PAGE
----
About a week into this, my chest started hurting.  Not terribly.  Not sharply.  But it hurt.  Being the pain foolish person I can sometimes be, I ignored it as best I could.  It didn't seem bad.  I didn't have time for this.  I was sure it was nothing.  But it was kind of always there.  Sometimes worse, sometimes better.

Until last Saturday.  The day started out well.  No big plans.  It was a relaxing day and my stress levels were pretty good.  I knew I would be seeing my therapist Monday; that was a relief.  My annual physical was also scheduled for Monday so I'd talk to the doctor about the chest pains then.

But no.  My body decided otherwise.  By the afternoon my chest was hurting so badly I could hardly do anything.  My hands were shaking so badly I couldn't write.  I looked up the symptoms of a heart attack and found several that kind of fit.  Plus, there's that whole scare factor of knowing my cousin had a major heart attack a couple years ago at age 55.  I'm 43 and not in the best of health.

So after getting several things prepped for my kids for the next few days in case I was in the hospital, I went to my husband and told him I needed to go to the ER.  I didn't think it was anything serious, but felt like it needed to be checked out.  He blinked a couple times, he'd been napping, and tried to process what I was telling him.  A few minutes later we headed out, telling the kids (ages 14-22) that we were running errands (yeah, we got in trouble with them for that later).

The ER was slow that day so I felt a bit too well attended.  (One of the reasons I didn't want to go to the ER is because I hate being the center of attention.)  As they questioned me and took my vitals, my husband checked me in.  My heart rate was 115 (usually in the 70s) and my blood pressure was 158/80 (usually about 110/60).  The blood pressure number scared me.  It's never even been close to that.

They get me back to a room.  Lots of people in and out asking questions.  Me feeling stupid, knowing it's going to turn out to be nothing.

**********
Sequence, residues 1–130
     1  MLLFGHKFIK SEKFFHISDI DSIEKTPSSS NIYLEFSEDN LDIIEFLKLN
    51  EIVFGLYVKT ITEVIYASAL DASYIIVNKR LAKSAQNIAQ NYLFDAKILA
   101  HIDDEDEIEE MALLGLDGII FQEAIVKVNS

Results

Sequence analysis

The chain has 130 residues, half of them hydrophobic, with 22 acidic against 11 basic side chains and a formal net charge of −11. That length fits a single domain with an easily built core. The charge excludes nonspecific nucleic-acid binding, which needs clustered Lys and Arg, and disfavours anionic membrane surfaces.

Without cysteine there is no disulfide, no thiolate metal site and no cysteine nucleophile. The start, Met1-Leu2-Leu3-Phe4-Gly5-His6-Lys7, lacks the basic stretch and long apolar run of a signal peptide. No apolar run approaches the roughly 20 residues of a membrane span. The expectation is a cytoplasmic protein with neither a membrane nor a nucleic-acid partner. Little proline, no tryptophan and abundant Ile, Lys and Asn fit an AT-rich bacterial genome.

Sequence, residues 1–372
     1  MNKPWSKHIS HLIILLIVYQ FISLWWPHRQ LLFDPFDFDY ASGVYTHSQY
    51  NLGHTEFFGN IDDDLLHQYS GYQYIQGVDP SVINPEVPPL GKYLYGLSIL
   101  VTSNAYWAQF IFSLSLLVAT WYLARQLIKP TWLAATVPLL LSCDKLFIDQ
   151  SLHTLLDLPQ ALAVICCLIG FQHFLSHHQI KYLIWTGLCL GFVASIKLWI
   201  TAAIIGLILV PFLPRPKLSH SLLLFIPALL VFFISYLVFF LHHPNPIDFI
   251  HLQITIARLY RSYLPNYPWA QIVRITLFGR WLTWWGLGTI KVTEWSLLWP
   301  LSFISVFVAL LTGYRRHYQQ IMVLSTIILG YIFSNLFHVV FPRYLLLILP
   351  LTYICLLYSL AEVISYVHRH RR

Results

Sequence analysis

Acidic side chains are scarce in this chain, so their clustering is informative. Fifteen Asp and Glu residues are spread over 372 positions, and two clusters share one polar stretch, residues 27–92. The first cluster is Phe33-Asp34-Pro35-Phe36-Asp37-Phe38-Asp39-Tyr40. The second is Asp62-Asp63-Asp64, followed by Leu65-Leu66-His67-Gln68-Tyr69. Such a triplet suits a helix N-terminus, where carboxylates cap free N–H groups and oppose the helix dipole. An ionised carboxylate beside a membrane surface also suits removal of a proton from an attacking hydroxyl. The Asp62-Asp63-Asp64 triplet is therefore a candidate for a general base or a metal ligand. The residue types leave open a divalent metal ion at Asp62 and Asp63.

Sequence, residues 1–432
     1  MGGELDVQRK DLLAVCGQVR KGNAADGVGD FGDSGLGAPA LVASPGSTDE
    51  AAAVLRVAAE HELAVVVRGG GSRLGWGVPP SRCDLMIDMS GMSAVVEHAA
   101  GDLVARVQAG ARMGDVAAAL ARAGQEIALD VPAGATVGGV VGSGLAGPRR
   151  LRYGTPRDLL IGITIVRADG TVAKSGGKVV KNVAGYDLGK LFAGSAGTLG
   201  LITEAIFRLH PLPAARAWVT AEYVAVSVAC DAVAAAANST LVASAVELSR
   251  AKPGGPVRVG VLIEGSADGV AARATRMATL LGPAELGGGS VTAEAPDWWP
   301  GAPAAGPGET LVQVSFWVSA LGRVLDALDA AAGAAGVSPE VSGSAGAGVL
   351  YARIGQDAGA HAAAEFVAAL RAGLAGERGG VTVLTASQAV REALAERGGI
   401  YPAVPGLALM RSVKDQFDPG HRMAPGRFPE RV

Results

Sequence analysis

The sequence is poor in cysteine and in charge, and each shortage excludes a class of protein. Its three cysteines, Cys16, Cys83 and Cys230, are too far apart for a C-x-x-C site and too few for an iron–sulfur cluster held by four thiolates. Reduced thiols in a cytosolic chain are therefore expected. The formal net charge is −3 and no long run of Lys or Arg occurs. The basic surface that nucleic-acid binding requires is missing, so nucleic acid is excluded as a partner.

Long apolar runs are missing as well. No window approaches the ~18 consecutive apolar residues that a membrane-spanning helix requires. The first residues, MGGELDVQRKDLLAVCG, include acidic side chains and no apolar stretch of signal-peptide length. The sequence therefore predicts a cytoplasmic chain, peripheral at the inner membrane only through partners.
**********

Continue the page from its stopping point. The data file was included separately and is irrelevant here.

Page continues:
They draw blood and start an IV (in my hand because they couldn't get the vein in my arm).  They put on a blood pressure cuff that runs automatically every so often.  They do an EKG.  They take a chest x-ray.  They think it's an anxiety attack (especially after noticing that I'm on anti-anxiety meds and seeing the scars on my arms).  They ask if I've been diagnosed with anxiety.  I haven't, but I have been diagnosed with PTSD, which I tell them.

But just in case, they give me four baby aspirin to chew and some nitroglycerin under my tongue.  Shortly thereafter I feel like my head is going to explode (a side effect of the nitro) and I'm going to throw up (possibly also a side effect of the nitro).  They give me something in my IV for the nausea.  By this point my heart rate had calmed down to a nice 76ish range and my blood pressure was back down to the 110/60 range.  The labs and x-ray are back and they look good.  They are getting ready to send me home.

And then I get cold and start shaking.  Bad.  One blanket.  Then my coat over me.  Then another blanket.  Then my husband's coat.  I'm still shaking uncontrollably.  Soon I'm roasting but still shaking.  We start peeling the coats and blankets off.  The shaking won't stop.  The nurse checks in.  My husband points out that I'm shaking.  I tell the nurse I'm not cold but can't stop shaking.  My heart rate has gone back up to the 112 range and my blood pressure is back up.  He says, "Hm" and goes to talk to the doctor.  I've now been shaking uncontrollably for about twenty minutes for no discernible reason (my muscles are hurting from all the shaking).  The nurse comes in and gives me a shot of Ativan through my IV (it's like Valium).  He waits a minute.  Still shaking.  He gives me another.  Still shaking.  He goes to talk to the doctor again.  About ten minutes later they come back, find me still shaking, and give me two more shots of Ativan (4 mgs. total now).  Boy, am I getting sleepy at this point.  Finally the shaking stops. 

All the test results are good. My heart rate and blood pressure are back down.  So it's time to send me home (although it's tough to walk now after all that Ativan).  The doctor still thinks it's anxiety.  Just in case, he sends me home with a prescription for Prilosec (in case it's acid reflux), an order for a stress test, and instructions to take an aspirin every day.

The PTSD got better after my extra-long therapy session.  Everything went well at my physical.  I did the stress test yesterday (the EKG looked good, but a cardiologist has to look at it and the images they took of the blood flow in my heart before we really know anything).